Our world will quickly return to normal. We’ll be standing around in pub gardens drinking bottles of Corona making terrible virus-related jokes all summer and then it’ll be done and dusted. As relevant as swine flu by Christmas, relegated to pub quiz answer, maybe a ‘what happened next’ on A Question of Sport.
That is what’s coming down the line. The short-sighted are pre-occupied with what’s happening today and might happen tomorrow, leaders building long-term success have got their heads up, they’re focussing on what’s coming next.
And what is coming next?
Well, in most markets, Coronavirus is a bottleneck, not a cork.
Stuff isn’t being cancelled; it’s being postponed.
Brunch 2020 has become Brunch 2021.
Smaller events will be pushed back towards the end of the year. An event we were going to with a bunch of clients this month looks like it’s going to be in December now.
Easter Sunday is now scheduled for 28th June.
I’m joking about that one.
But the point is that nobody has pressed stop. We’re on pause.
People still have hopes, dreams and plans for the rest of the year, and as soon as we’re out of the tunnel they’re going to start work making them happen.
• The couples who have been saving for a new kitchen or car this year aren’t going to get it done in the next few weeks, but they will still want to get it done by Christmas.
• Divorce lawyers aren’t going to have a busy month because everyone is staying home, but after a few weeks of couples locked inside the same house, they might yet have a very busy year.
• Venues who are completely empty this month will struggle to find dates for every postponed event that needs to happen during the rest of the year.
And so on.
So as a business owner, what’s the best course of action?
What should you be doing right now?
Well not what most people will be doing, that’s for sure.
• Most people will be running scared, they only see what the bad news media is pumping out and they’ve mentally shut up shop already, resigned to a future of shit hitting fans.
• There are businesses behaving like this is the new normal, and it isn’t.
• Some businesses are noticeable by their absence. They’ve spent years building and nurturing relationships, and then they’ve suddenly stopped.
These are mistakes. If you’re making them then you need to take stock and lift up your head.
We are not entering a black hole. We are going through a tunnel and when the light arrives, you need to be ready for it. Things will have changed, in psychology and balance sheets, in changed business models and new customer habits.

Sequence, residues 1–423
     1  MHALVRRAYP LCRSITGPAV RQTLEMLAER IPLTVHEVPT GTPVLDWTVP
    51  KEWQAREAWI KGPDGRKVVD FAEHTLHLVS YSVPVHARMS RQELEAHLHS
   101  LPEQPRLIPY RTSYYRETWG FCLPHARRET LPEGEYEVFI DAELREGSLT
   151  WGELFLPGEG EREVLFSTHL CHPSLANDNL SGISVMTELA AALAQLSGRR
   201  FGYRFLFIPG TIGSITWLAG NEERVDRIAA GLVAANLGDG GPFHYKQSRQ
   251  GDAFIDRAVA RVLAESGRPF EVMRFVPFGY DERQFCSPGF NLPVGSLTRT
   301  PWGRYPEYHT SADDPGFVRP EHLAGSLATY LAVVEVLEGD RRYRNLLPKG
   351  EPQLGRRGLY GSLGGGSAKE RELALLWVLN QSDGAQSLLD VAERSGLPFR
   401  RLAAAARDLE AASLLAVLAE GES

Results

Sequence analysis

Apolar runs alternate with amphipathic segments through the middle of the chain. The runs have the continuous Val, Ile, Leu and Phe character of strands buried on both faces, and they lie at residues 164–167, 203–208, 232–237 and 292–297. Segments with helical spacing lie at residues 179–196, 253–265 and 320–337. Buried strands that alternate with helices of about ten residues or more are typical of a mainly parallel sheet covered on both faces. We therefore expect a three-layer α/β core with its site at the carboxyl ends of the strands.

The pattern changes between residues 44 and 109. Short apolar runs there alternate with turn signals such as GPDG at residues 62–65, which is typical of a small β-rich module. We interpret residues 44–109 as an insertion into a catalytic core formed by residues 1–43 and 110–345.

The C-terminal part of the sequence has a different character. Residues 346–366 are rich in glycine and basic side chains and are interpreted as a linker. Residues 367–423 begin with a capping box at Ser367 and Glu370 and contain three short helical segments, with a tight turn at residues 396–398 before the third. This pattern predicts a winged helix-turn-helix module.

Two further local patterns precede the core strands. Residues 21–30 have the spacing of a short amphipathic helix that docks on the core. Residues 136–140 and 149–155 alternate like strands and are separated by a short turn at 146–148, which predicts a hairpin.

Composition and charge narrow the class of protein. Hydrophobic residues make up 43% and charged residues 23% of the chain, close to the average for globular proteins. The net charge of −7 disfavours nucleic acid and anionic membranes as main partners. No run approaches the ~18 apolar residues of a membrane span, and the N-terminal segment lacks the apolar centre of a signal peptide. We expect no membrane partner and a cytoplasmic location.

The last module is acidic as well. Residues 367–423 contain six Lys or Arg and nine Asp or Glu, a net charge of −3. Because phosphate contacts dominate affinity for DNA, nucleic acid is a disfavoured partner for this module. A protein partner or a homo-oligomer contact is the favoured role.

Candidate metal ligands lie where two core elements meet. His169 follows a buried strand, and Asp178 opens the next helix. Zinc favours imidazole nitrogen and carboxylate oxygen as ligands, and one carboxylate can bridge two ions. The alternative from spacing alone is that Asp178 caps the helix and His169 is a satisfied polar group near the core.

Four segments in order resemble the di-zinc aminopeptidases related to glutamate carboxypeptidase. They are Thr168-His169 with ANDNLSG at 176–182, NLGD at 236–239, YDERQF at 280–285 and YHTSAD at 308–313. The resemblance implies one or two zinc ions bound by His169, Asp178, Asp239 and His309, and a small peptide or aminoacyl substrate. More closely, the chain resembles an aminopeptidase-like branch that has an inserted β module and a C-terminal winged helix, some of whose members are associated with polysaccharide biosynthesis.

Your competitive landscape might well have changed too. Old competitors might have left your market, new ones may have arrived, your position in the pecking order might have changed.
Some businesses are already preparing. They know that when the light arrives, it will arrive swiftly and with little warning. Phones will start ringing, who will answer them? What will they say?
There are three main phases to consider when it comes to creating your plan.
Phase 1 – The Tunnel
This is where we’re at right now. Hoping for the best but preparing for the worst. Buying pasta and toilet roll. Awaiting the daily updates, waiting for more direction.
Phase 2 – The Light
Like China, we will race out of the tunnel. We don’t know when, but we know we will. We will return to our old routines, football fans at football matches, theatre goers going to theatres.
Phase 3 – The New Normal
Some industries will be changed forever, the way that many of us work might well be too. We’ve been able to work from home for years, but many haven’t embraced it, preferring the familiarity of an office. We’ve been able to hold meetings really effectively using technology like Zoom ages, but we have chosen not to.
Will this be the catalyst for change? Fewer commuters, less business travel?
Planning for phase 3 doesn’t need to happen yet. Planning for phases 1 and 2 is critical. You can’t lead without a clear vision and plan, and even though we’re living in the middle of a shitstorm, it’s much more important that you have a strategy for what happens at the end of the storm than spending your time understanding what colour the shit is today.
Every business will need a unique plan, there is no ‘one-size-fits-all’ here, but as you pull your plan together over the next few days, here are four areas to consider:
1 - How Should You Be Working?